Open Path, Aircraft-Based Ammonia Instrument using a Quantum Cascade Laser and Singular Valued Decomposition Algorithms

Award Information
Agency: Department of Energy
Branch: N/A
Contract: DE-FG02-05ER84302
Agency Tracking Number: 79517S05-I
Amount: $100,000.00
Phase: Phase I
Program: SBIR
Awards Year: 2005
Solicitation Year: 2005
Solicitation Topic Code: 03 b
Solicitation Number: DE-FG01-04ER04-33
Small Business Information
1570 Pacheco Street, Suite E-11, Santa Fe, NM, 87505
HUBZone Owned: Y
Woman Owned: N
Socially and Economically Disadvantaged: N
Principal Investigator
 Mark Zondlo
 (505) 984-1322
Business Contact
 Alan Stanton
Title: Dr.
Phone: (505) 984-1322
Research Institution
79517S The largest uncertainty in global climate change is the effects of aerosols, and it is critical that aerosol processes are well quantified in order to assess anthropogenic influences on climate. Ammonia is an important species in aerosol particle nucleation, growth, composition, and acidity. Unfortunately, fast ammonia measurements are scarce due to difficulty in sampling, especially from aircraft, even though 80% of ammonia sources are anthropogenic. This project will develop an open-path, airborne instrument capable of measuring tropospheric levels of ammonia using a continuous wave quantum cascade laser and singular valued decomposition algorithms. The instrument will measure ammonia every second, occupy the space of a shoe box, and have a resolution of 20 parts per trillion by volume. Phase I will focus on the performance characteristics of a quantum cascade laser and the testing of singular valued decomposition methods to reduce etalon noise. A 50 m, multiple pass optical cell will be used to acquire spectra of absorbing features in and around the ammonia absorption band. The ultimate noise level obtained using wavelength modulation spectroscopy and singular valued decomposition will provide a basis for Phase II. Commercial Applications and Other Benefits as described by the awardee: A fast, airborne ammonia instrument should greatly enable studies of particle nucleation and particle composition in both clean and polluted regions. Data obtained from the instrument will help predict aerosol formation rates in both urban and remote environments and ultimately help quantify anthropogenic activities on climate. The instrument also should have numerous applications in atmospheric chemistry field campaigns, regional air networks, and pollution monitoring. Other applications include the semiconductor industry, where ammonia poisons the photocatalytic doping process, and medicine, to diagnose renal diseases by measuring trace ammonia exhaled in breath.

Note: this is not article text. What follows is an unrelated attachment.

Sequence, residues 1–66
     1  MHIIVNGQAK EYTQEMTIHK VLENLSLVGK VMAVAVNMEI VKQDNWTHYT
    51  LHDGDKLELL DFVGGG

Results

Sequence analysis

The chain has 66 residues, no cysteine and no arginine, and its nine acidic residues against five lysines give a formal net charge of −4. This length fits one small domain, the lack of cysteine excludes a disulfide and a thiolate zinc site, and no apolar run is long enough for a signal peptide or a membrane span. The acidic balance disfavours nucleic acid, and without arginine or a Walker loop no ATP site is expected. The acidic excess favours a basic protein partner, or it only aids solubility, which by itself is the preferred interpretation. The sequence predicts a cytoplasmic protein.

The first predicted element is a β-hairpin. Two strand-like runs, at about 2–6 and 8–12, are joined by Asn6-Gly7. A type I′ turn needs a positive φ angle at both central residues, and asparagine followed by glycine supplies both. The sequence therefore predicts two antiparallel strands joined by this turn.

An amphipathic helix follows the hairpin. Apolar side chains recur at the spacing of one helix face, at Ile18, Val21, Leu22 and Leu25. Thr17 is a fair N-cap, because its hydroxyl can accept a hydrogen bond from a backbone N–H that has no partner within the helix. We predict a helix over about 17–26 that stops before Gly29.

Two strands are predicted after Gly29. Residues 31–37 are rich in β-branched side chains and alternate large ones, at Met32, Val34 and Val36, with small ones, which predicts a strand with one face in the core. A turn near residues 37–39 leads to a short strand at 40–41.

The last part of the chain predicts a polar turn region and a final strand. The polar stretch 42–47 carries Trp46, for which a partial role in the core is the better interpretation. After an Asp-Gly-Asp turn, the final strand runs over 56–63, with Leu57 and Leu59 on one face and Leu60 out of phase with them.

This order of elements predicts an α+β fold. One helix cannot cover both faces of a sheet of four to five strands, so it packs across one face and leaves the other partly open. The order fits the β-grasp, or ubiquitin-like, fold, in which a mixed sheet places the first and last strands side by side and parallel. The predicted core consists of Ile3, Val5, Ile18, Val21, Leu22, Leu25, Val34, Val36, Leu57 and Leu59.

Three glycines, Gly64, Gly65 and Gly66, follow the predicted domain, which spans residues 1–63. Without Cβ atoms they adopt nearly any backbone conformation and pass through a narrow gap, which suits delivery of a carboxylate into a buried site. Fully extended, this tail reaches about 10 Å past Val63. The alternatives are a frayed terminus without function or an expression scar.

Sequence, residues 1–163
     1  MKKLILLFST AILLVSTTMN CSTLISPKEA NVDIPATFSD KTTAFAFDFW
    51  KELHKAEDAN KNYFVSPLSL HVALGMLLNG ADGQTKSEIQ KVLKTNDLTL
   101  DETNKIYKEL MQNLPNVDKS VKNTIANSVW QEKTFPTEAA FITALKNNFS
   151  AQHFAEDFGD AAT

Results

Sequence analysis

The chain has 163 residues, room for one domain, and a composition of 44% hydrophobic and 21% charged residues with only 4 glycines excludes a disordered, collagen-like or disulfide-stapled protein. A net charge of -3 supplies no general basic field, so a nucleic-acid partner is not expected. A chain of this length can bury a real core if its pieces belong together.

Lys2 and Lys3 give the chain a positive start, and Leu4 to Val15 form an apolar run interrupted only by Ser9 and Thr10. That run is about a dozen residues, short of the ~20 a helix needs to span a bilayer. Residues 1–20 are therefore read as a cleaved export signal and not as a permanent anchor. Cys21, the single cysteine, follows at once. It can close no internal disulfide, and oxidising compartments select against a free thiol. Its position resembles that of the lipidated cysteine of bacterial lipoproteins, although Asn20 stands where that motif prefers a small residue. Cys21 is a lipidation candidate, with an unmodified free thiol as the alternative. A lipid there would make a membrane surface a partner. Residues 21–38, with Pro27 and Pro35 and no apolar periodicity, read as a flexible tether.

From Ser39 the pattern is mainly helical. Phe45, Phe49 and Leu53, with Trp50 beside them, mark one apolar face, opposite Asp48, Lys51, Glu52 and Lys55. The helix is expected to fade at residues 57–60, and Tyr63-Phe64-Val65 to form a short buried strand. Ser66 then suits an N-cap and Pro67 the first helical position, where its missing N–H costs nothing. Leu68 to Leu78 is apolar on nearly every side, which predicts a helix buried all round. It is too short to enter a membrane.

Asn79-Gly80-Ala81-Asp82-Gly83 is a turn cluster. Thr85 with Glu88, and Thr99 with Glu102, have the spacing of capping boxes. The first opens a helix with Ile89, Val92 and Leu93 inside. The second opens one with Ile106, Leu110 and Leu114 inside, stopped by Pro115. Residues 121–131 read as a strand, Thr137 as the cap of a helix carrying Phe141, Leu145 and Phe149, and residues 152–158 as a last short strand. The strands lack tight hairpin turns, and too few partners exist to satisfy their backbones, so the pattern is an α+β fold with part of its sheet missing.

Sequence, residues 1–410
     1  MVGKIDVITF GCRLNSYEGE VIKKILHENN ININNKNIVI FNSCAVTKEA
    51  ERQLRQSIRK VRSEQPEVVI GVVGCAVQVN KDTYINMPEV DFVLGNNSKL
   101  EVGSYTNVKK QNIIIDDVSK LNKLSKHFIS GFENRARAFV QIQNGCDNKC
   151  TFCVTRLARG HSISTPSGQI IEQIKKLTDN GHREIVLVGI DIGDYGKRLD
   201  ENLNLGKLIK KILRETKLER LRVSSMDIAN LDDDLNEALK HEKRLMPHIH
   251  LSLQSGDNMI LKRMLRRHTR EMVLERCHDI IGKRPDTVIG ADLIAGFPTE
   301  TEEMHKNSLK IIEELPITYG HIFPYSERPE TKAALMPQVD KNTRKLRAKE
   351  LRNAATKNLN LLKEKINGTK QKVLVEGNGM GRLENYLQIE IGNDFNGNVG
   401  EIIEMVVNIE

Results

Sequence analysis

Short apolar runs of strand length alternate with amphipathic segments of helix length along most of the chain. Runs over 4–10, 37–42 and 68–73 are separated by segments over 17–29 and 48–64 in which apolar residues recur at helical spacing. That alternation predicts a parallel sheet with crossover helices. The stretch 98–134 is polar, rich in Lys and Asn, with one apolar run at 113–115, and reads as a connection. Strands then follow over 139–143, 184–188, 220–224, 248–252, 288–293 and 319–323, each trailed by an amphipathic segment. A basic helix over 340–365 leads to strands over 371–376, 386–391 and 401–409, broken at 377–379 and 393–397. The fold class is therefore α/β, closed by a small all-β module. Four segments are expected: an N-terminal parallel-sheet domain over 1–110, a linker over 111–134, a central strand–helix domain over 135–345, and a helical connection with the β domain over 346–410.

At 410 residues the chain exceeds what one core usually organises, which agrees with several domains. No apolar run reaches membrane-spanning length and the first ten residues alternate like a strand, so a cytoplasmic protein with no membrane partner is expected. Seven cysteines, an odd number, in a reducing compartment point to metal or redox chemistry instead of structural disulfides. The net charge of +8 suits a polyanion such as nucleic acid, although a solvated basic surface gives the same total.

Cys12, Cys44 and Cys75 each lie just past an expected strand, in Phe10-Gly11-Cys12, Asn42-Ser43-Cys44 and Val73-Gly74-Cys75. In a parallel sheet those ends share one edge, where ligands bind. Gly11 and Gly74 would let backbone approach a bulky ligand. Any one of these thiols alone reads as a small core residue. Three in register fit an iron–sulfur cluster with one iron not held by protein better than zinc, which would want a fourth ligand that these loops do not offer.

* Information listed above is at the time of submission. *

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